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    Before heading to Melbourne Airport, it’s important to understand the security procedures in place so that your journey through the airport is as straightforward as possible.

    Important changes to Australia's Powder restrictions

    From 30 June people travelling overseas are required to comply with new restrictions relating to inorganic powders. Here’s how you can prepare and pack before you arrive. See the full changes here to ensure you are prepared for your next trip.

    Important changes to T2 departures security screening

    We have installed new technology in our international security screening points to make the screening process easier and faster for travellers. Watch the video below on how to use the equipment next time you fly. 

    Security Screening Information for people with Vision Impairment

    Our Security Screening Officers will conduct a visual assessment of all people, as they proceed towards the security screening lanes, to determine the best screening requirements in accordance with government regulations.

    When the Security Screening Officer identifies that someone may have a vision impairment they will discreetly ask the person if they require assistance. The offer of assistance can be declined and the person can proceed through security screening processes unassisted.

    In some cases, our Security Screening Officers may not immediately identify that a person has a vision impairment or that the person requires additional assistance.  If you do require assistance, please alert a Security Screening Officer and allow them to organise your care before you proceed through any of the security processes. If you are accompanied by a care-giver or an airline representative they can alert the Security Screening Officer for you.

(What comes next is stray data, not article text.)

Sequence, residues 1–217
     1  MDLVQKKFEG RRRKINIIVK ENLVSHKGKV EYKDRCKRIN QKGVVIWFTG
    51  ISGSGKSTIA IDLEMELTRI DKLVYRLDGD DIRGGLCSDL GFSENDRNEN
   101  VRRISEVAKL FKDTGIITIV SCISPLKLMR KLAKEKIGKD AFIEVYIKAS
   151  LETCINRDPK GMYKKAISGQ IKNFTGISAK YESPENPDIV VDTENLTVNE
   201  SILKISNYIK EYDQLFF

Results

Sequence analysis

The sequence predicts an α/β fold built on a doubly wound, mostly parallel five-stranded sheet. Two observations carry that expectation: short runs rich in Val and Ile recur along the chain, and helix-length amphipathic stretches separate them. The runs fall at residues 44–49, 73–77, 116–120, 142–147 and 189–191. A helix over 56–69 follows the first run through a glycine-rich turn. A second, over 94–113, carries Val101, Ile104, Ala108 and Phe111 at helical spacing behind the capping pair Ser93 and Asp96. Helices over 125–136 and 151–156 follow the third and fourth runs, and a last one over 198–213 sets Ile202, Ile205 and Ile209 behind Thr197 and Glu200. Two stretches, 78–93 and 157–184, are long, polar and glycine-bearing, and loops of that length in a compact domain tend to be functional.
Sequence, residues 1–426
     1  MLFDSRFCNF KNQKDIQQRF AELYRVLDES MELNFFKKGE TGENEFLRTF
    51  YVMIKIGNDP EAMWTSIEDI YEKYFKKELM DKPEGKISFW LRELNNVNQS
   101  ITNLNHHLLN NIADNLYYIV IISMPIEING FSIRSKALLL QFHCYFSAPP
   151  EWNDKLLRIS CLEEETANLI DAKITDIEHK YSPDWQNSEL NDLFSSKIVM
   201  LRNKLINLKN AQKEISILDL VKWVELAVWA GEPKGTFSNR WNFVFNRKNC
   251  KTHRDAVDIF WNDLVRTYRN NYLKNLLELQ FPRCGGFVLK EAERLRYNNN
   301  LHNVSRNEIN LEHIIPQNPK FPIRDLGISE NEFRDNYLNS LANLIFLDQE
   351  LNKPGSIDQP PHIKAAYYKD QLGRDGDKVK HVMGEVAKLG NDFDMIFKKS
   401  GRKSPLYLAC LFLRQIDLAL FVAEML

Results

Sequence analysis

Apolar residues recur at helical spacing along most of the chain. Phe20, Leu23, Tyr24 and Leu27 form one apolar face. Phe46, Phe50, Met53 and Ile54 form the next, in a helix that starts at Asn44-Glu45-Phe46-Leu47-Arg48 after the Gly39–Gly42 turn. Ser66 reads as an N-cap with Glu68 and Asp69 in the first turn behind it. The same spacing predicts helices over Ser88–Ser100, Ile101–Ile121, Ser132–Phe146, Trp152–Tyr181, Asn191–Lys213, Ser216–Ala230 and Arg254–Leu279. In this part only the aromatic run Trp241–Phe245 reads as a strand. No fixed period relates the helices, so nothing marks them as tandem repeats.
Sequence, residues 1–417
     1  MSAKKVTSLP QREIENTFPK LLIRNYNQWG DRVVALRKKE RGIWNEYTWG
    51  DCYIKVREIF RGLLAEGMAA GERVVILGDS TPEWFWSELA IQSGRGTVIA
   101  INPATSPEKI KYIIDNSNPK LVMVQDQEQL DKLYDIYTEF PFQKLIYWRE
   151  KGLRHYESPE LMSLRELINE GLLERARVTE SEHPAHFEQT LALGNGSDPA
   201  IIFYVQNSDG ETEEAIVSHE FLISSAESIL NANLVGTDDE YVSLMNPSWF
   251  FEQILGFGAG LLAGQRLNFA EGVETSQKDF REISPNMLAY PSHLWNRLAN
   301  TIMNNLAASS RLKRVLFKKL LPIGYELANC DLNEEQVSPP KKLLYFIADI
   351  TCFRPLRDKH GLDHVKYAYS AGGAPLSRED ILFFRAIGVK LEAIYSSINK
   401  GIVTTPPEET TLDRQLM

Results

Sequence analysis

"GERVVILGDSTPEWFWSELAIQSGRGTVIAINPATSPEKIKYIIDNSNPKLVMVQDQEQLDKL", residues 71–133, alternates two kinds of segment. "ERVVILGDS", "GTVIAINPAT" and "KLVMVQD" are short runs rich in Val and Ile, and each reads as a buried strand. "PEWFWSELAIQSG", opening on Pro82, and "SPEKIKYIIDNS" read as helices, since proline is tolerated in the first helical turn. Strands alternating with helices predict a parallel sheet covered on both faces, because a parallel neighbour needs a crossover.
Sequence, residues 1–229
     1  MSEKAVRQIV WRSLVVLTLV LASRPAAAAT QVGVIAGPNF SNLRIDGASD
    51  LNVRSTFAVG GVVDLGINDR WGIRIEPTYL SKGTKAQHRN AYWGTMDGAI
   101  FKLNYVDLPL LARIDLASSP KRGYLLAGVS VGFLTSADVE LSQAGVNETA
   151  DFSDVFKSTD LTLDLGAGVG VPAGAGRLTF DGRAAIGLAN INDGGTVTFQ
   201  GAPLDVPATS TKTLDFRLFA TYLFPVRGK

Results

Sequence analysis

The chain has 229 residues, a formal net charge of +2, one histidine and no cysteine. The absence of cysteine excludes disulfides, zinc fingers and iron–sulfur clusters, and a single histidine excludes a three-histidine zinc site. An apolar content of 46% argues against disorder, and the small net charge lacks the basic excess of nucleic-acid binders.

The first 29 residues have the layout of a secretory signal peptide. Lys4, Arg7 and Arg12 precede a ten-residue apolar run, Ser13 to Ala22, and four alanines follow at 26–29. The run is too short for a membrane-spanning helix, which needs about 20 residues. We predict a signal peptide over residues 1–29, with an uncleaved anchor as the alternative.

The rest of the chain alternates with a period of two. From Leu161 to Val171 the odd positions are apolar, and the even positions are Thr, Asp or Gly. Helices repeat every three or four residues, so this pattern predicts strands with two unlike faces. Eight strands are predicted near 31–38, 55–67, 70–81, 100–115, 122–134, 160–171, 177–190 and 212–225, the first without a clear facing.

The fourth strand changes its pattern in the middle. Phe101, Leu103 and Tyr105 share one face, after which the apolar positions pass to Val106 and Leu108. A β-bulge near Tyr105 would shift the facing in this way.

Powder restrictions

    From 30 June 2018, people travelling internationally will notice some changes to how they are screened in Australia. Passengers will be required to present all powders in their carry-on baggage separately for screening.

    There will be quantity restrictions on some types of powders but most common powders remain unrestricted. You can view the summary of changes here

    Liquids, aerosols and gels

    There are certain restrictions around the amount of liquids, aerosols and gels (LAGs) that can be taken through security screenings. This applies if you are travelling on an international flight to or from Australia, or on the domestic leg of an international flight within Australia.